Sometimes, kids’ movies and TV shows take a bizarre turn into highly inappropriate territory. It could be a needlessly prolonged death scene, a gratuitously sexy character or a horrifying monster clearly designed to fuel the most potent nightmares. Here are ten of the worst offenders with video clips to help you relive the ghastly memories…
Working in kids entertainment must be a real drag. In addition to dealing with focus groups of squalling sprogs and complaints from overprotective parents, there’s the hollow realisation that you’re basically creating an automated baby-sitter for the living room. It’s therefore unsurprising that producers occasionally crack and decide to mentally scar their audience for life. At least, we assume that’s what happened. Why else would these scenes exist in something aimed at kids?
The Never Ending Story — Artex sinks.
The demise of Artex the horse is easily one of the most distressing scenes in cinematic history. It actually caused one of my childhood friends to vomit from stress at the cinema. Adding to the heartbreak is a persistent rumour that the horse got caught in the submerged lift and actually drowned in real life. (Thankfully, this is just an urban legend — although the child actor was badly injured by the very same lift.)
Suur Tõll — the battle sequence.
Suur Tõll (AKA Toll the Great) is a heroic giant from Estonian folklore. In 1980, a Soviet film studio made an animated short about his exploits that shifts from grim, to trippy to shockingly blood-thirsty. Suur Tõll is badass. (The orgy of battlefield destruction kicks in at around the five-minute mark: but the whole thing is worth watching.)
Willy Wonka & the Chocolate Factory — the boat ride.
The 1971 musical adaptation of Charlie and the Chocolate Factory is a fun family romp for the most part — but at around the halfway point, things take a briefly sinister turn. During a boat ride down the chocolate river, the titular Wonka’s playful malevolence morphs into something creepy and unhinged. Gene Wilder plays the sequence terrifyingly straight as grotesque projections glimmer in the darkness (including what appears to be a corpse covered in worms). It feels like we’re staring directly into the mind of a serial killer which probably isn’t what Roald Dahl had in mind.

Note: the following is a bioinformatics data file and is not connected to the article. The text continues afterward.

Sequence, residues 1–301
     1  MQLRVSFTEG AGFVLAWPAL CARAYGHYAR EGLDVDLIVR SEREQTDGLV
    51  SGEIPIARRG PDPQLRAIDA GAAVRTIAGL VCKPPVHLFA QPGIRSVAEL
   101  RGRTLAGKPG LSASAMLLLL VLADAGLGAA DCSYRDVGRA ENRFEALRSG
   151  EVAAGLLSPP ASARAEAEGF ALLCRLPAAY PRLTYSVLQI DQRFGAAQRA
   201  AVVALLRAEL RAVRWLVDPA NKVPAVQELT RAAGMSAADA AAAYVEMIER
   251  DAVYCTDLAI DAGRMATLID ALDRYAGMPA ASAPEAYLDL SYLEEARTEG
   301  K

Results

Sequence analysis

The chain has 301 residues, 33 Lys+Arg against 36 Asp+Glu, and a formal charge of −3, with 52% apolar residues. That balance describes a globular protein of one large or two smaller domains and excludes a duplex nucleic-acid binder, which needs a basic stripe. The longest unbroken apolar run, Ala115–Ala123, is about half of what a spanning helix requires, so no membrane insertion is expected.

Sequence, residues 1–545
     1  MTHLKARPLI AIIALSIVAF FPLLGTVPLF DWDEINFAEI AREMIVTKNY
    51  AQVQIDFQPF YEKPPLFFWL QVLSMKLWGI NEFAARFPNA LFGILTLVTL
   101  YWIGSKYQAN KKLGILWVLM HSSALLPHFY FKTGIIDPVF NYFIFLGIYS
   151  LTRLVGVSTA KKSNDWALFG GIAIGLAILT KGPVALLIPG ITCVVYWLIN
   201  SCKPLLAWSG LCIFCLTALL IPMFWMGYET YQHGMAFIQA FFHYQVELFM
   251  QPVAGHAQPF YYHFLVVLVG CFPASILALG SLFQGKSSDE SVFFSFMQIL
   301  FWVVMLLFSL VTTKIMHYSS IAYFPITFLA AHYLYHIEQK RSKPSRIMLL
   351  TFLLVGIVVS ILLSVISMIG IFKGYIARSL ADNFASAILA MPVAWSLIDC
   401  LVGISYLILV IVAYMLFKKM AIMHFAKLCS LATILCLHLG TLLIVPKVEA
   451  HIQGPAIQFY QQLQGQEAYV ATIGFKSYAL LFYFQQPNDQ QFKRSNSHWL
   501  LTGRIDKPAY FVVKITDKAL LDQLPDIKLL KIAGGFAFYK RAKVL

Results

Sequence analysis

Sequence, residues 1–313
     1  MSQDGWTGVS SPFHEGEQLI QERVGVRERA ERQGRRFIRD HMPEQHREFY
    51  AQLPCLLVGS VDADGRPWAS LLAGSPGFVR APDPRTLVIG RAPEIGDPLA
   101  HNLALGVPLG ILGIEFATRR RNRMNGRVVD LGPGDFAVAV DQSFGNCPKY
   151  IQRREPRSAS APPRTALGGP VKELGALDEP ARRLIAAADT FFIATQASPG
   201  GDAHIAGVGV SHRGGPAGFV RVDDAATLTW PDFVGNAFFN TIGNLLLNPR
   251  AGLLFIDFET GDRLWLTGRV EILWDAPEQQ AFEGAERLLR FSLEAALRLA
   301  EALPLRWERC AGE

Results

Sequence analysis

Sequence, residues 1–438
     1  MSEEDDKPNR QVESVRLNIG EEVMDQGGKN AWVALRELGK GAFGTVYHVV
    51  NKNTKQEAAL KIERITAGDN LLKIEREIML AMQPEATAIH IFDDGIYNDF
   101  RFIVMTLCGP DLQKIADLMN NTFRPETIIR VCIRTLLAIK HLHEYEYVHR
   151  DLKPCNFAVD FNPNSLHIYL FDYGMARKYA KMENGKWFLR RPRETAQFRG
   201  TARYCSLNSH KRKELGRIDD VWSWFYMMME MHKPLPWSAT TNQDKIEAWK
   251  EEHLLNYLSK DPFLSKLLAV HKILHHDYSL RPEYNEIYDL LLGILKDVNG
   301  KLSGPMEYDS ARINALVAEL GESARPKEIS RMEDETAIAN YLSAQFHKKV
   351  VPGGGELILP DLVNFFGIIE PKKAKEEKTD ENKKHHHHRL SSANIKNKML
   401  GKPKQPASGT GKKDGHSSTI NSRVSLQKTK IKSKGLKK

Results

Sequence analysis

Return To Oz — the screaming heads.
Most people who saw Return To Oz at the cinema were expecting a warm ‘n’ lovable sequel to the 1939 classic. Instead, they got a nightmarish tale of childhood insanity and isolation that included everything from electroshock therapy to magical mass-murder. There are many terrifying moments in this movie but when it comes to sheer nightmare stuff, nothing tops the above sequence. What on earth were they thinking?
Dumbo — Pink Elephants On Parade.
In 1938 Albert Hofmann created LSD. A year later Disney greenlit Dumbo. Just sayin’.
Coraline — Coraline meets her new parents.
Coraline is a stop-motion animated movie that slithered out of the twisted mind of Neil Gaiman. There are some truly terrifying sequences in the film, but the introduction of Coraline’s “other” parents is arguably the most disquieting. (Later, the mum rips out a child’s voice box and stiches his lips into a forced, rictus grin. Whoever green-lit this project must really hate kids.)
Who Framed Roger Rabbit — Jessica Rabbit sings.
Okay, so it’s not strictly a kids film, but Roger Rabbit is rated PG and was aggressively marketed to families at the time of release (I’m pretty sure there was even a McDonald’s Happy Meal tie-in). When it comes to messed up moments, it’s hard to top the terrifying reveal of Judge Doom’s true identity. However, the sheer wrongness of Jessica Rabbit’s sexed up rendition of Why Don’t You Do Right? narrowly pipped it to the post. As a kid, I saw this flanked by my father and mother. Awkward doesn’t begin to cover it.
The Adventures of Mark Twain — Satan kills.
Gumby-style clamation is creepy enough without throwing Satan into the mix. Loosely based on Twain’s The Mysterious Stranger, this 1985 short follows a trio of the author’s most famous characters as they hang out with a mysterious robed figure with a penchant for play-dough genocide. The mayhem starts at 3:05.
Chitty Chitty Bang Bang — The Child Catcher.
As an adult, this sequence is so farcically over the top that it can only be seen as hilarious. But to children in the 1960s, it was the stuff of nightmares.
Dark Crystal — Podling gets drained.
In 1982, Jim Henson decided to jump on the fantasy bandwagon with a bunch of Tolkien-esque puppets in tow. The end result was a surprisingly dark kiddie’s flick filled with nightmarish monsters and New Age mysticism. Despite clearly being made from bits of leather and fiberglass, the giant crab-like Garthim and murderous Skeksis are both terrifying creations. But by far the most distressing sequence is the lingering half-death suffered by a hapless Podling as he is drained of his life-essence in a Mengele-style laboratory. That Muppet’s eyes still haunt me to this day.
Watership Down — most of the movie.
Watership Down is based on a children’s book and stars a bunch of talking rabbits animated in the Disney style. And yet, you’d probably be better off showing your kids The Silence Of The Lambs. Seriously, this movie kills off more bunnies than myxomatosis, complete with gratuitous lashings of claret.
Which of the above sequences disturbed you most as a kid? Or is there something even more terrifying that we forgot to include? Share your thoughts in the comments section below!